ECMAScript 2015: With Great Power Comes Great Responsibility

by elena vilchik|

    Last summer a revolutionary version of ECMAScript was released with native classes, modules, arrow functions and many other long-awaited features.

    Accordingly, the latest release of the Sonarqube JavaScript plugin has a bunch of new rules targeting ES2015 syntax. With our new rules we try to enforce some conventions which have already become the standard in JavaScript world.

    Let’s go through some of them.

    Put parameters with default values at the end

    Otherwise your default values will be pointless: the only way to benefit from them will be to pass undefined. It’s not pretty, is it?
    Rule Function parameters with default values should be last

    Be neat: use destructuring

    The new ES ability to destructure objects and arrays allows you to declare variables initialized with object properties of the same names in a very compact way. Instead of this:

    var name =, age = person.age, address = person.address, email =;
    do this:
    var { name, age, address, email } = person;

    Much more readable!
    Rule Destructuring syntax should be used for assignments

    Do not use "var" to declare variables

    How many times have you done this

    for (var i = 0; i < N; i++) {
    // ...
    for (i=0; i < N; i++) {
    // ...

    Or even worse: used "var" in front of "i" in the second loop (which does nothing in fact). When you do this, "i" is available in the entire function scope, and there were no way to avoid it. But with ES2015 you have the “let" and “const" keywords, which create block-scope variables (e.g. in the code "i" will be available only inside a loop). Try hard to think of a case when "var" is a better solution.
    To find every use of the old-world “var" declaration, use rule Variables should be declared with "let" or "const".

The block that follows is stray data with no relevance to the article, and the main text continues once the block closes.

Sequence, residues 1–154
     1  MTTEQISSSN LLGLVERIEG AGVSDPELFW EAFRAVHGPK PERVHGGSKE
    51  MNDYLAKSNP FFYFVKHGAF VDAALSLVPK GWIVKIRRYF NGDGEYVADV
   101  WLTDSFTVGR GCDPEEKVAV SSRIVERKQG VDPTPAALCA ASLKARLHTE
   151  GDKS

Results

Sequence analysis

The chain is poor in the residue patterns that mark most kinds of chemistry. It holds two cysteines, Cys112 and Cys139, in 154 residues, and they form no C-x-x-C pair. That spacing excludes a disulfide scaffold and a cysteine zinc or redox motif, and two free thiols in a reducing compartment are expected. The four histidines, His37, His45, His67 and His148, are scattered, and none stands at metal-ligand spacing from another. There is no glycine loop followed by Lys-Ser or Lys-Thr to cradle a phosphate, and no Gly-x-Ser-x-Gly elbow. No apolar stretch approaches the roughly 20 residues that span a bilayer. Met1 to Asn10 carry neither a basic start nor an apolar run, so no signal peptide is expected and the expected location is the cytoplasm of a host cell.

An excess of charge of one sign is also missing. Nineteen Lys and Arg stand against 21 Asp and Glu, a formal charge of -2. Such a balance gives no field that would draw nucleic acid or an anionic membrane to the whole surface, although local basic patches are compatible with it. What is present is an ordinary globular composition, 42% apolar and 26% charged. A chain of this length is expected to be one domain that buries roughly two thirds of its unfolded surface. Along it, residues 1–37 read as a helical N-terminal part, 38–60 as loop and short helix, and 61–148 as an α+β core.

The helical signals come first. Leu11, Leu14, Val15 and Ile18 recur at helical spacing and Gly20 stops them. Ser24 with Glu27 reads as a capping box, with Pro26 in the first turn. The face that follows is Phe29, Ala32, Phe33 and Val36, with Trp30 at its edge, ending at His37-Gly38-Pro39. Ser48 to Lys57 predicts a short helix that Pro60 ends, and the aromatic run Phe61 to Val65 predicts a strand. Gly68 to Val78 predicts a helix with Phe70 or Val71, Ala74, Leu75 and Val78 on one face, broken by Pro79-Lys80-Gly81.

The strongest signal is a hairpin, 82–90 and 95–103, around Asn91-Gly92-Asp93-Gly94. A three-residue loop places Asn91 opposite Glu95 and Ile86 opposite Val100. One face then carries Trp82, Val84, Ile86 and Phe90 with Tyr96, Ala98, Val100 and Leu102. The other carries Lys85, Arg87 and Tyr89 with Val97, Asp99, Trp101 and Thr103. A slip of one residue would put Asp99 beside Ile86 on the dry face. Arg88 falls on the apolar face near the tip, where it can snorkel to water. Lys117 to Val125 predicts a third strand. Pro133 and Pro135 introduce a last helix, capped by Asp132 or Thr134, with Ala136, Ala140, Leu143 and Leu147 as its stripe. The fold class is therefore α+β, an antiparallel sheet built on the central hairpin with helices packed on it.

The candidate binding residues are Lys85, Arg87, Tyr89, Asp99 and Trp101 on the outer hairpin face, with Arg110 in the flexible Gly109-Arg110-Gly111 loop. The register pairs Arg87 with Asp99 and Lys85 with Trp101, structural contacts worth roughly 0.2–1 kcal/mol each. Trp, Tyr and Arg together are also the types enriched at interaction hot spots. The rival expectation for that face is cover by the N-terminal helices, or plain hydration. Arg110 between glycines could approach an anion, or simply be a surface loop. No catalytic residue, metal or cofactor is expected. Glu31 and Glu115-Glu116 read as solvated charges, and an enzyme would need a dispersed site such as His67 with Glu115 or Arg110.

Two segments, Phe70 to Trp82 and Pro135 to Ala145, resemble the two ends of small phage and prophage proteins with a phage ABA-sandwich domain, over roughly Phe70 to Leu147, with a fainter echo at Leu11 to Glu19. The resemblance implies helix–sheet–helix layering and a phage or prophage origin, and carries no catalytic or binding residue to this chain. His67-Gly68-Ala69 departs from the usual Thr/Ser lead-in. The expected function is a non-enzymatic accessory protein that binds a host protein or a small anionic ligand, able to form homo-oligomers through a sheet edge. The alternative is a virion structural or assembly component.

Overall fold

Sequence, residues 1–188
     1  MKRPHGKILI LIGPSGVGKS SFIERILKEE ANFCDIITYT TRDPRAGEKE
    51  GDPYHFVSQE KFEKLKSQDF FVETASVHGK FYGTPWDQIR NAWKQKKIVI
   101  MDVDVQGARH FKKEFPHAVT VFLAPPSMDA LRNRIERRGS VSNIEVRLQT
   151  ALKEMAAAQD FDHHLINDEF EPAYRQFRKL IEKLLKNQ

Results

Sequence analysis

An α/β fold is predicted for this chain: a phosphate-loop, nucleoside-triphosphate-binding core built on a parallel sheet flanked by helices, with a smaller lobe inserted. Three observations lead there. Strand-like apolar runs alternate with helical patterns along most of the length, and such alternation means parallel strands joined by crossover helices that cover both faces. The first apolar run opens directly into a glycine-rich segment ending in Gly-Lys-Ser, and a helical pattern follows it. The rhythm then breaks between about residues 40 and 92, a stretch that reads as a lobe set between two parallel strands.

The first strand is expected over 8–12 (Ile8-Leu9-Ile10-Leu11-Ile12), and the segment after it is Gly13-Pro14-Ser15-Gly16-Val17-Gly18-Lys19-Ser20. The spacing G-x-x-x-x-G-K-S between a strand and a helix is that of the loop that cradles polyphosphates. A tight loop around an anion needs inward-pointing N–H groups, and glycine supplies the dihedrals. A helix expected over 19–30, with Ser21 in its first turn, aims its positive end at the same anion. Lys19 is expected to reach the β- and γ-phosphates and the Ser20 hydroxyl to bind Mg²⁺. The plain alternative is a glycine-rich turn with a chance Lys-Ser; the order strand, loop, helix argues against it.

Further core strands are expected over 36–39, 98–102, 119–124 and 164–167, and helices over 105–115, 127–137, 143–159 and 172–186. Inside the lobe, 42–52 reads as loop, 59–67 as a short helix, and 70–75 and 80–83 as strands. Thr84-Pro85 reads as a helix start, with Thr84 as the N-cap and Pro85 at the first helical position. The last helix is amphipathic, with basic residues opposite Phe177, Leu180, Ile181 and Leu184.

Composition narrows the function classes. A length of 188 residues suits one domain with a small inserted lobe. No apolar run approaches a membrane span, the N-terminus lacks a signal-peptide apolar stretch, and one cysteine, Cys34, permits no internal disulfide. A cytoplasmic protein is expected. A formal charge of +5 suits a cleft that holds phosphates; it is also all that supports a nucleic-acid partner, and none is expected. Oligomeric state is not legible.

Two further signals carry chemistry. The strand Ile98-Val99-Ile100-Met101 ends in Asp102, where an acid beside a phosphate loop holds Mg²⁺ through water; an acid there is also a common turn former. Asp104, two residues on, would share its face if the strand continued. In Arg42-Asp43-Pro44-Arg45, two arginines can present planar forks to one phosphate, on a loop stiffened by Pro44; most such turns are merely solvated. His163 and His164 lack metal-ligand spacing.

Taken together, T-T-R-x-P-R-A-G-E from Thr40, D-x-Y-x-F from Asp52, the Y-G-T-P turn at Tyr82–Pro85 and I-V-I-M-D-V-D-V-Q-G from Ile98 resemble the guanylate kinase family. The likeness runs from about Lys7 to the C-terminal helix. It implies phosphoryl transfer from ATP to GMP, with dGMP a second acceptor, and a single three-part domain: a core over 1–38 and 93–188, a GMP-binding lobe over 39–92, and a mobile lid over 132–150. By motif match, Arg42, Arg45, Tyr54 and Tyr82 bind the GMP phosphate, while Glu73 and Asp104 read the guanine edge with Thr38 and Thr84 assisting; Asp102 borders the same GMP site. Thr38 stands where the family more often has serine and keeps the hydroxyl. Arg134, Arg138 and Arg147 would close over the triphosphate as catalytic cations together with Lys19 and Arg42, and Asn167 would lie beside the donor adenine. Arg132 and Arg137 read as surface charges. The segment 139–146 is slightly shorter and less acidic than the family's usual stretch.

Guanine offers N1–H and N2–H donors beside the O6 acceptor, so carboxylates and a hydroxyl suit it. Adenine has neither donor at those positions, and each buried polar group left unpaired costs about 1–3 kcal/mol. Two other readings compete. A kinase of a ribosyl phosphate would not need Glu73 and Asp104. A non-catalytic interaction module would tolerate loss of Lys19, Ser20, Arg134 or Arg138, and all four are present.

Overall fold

Use “const" whenever possible

    Read-only variables always make code more stable, but it’s hard to get used to this approach due to the dynamic nature of JS. So start with the variables you don’t update: declare them with “const" keyword (rule Unchanged variables should be marked "const").

    Do not update constants

    It sounds stupid, but most current browser implementations of const simply ignore updates to <const> variables.

    const name = “John";
    name = “Michael";
    foo(name);  // name is “John" at this point

    Attempts should not be made to update "const" variables

    ES2015 is ready to use. The most annoying problems with JavaScript are solved: modules, classes, variable scoping became standards. The community is full of tutorials and articles on these new JavaScript features. And despite the fact that not all of them are supported by browsers yet, you can transpile your code to an older version of JS without losing functionality. Yes, you add an extra step to your workflow, but you gain a codebase that’s easier to read and much more reliable.

    Don’t be afraid to use something new: SonarQube is here to help you to avoid the common traps!